SEABROOK: Lessig was wary of political mischief: someone trying to run a third-party candidate just to hurt the chances of a major party nominee. But after thinking about it, Lessig said, he decided the most important issue to him this year is overhauling the election system itself.

LESSIG: It became clear. This was maybe the only way to get this issue before the American people or at least to get into a context where the two major party candidates had to address it. And the elegance of what Americans Elect had created then seemed to be a perfect path for that objective.

SEABROOK: There are a few problems, though. The biggest one? Americans Elect has had trouble finding top tier candidates willing to run. The most popular name on the group's website right now is Ron Paul, the Republican candidate. He's already said no to both the Libertarian Party and to Americans Elect.

Among those willing to run, the most popular right now is former Louisiana Governor Buddy Roemer, hardly a household name.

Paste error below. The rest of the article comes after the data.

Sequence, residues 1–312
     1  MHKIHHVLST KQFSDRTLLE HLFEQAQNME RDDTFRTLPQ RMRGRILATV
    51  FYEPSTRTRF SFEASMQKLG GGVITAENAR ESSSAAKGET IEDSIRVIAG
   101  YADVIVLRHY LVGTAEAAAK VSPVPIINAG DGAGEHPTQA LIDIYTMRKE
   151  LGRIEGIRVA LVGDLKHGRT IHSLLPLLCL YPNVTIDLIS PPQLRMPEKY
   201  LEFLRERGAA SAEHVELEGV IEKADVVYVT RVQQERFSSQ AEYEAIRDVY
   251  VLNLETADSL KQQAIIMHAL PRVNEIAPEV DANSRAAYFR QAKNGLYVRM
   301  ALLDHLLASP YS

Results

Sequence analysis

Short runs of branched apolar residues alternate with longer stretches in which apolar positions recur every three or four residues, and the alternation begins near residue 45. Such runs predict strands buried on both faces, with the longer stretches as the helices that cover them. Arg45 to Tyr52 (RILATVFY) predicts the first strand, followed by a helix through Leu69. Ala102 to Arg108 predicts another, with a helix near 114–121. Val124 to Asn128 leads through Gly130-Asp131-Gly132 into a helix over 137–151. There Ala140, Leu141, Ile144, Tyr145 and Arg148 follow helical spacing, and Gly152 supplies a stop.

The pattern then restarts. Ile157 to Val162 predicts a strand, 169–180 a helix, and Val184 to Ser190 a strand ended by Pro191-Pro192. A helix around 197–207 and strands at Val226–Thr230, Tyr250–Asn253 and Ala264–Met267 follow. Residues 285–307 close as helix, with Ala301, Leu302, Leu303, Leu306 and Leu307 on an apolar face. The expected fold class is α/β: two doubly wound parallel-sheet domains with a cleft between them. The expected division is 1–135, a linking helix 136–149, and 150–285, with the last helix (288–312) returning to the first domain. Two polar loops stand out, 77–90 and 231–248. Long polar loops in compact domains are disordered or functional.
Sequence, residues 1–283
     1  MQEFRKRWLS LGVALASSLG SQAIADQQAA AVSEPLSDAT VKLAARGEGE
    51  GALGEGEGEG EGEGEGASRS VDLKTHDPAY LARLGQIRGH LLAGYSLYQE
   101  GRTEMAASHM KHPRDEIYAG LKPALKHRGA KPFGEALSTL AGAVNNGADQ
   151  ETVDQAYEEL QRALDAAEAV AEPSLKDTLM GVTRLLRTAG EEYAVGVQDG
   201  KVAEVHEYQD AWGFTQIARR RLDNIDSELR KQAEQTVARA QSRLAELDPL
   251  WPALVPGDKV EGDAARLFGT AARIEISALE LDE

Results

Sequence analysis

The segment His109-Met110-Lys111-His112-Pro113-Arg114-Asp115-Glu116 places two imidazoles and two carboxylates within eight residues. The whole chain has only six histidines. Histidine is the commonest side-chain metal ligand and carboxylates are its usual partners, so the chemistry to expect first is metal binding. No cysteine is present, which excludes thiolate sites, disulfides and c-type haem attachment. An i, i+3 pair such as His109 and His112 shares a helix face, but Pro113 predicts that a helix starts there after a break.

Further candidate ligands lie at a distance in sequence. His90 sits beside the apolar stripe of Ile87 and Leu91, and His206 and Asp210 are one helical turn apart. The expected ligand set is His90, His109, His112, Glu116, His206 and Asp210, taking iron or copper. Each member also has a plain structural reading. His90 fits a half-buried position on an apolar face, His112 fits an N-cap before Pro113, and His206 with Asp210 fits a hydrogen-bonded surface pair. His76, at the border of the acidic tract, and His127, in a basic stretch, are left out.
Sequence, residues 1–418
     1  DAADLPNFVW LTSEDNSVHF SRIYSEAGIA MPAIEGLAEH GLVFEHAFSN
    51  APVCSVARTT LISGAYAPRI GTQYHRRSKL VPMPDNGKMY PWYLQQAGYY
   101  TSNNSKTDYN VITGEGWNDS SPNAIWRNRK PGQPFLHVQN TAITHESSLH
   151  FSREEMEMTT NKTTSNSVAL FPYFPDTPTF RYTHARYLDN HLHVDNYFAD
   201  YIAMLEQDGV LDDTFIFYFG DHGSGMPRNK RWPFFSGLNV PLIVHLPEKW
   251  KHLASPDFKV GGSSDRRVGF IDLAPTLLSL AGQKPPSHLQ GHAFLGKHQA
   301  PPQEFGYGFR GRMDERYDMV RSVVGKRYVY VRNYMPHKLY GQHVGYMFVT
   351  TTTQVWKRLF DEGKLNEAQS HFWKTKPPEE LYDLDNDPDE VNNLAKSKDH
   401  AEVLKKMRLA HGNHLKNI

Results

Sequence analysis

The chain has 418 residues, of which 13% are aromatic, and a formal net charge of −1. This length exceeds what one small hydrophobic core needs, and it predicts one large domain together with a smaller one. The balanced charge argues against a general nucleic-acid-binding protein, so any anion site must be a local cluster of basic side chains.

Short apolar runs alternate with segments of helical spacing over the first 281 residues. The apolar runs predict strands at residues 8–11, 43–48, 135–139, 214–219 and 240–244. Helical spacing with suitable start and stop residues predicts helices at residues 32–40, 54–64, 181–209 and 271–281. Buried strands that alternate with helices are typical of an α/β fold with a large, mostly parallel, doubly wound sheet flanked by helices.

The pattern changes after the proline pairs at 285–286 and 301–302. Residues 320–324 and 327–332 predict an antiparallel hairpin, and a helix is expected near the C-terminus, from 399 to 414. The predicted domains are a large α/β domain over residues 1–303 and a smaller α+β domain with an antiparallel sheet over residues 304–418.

The CEO of Americans Elect, Kahlil Byrd, says there may be fresh candidates coming onboard in the next few weeks. That could help attract the attention of more voters who, Byrd says, are looking for leaders.

KAHLIL BYRD: They're not inspired by the idea of creating another party or centrism, etc. A few people are, but most people are not. What they're inspired by is the idea of leaders stepping up and actually doing things that help the jobs situation.

SEABROOK: If it's inspiring, if it's what everybody wanted, if it's what there is this hunger for, why hasn't it taken off?

BYRD: For me, I think it's very sensitive at this point to candidates emerging.

SEABROOK: Another cloud that's hovered over the new group is its refusal to name its financial backers. Americans Elect is organized as a nonprofit group under Section 501(c)(4) of the tax code. Because it isn't a political party, it isn't required to tell where its millions of dollars come from. It could volunteer the information, but it doesn't. I asked Byrd why.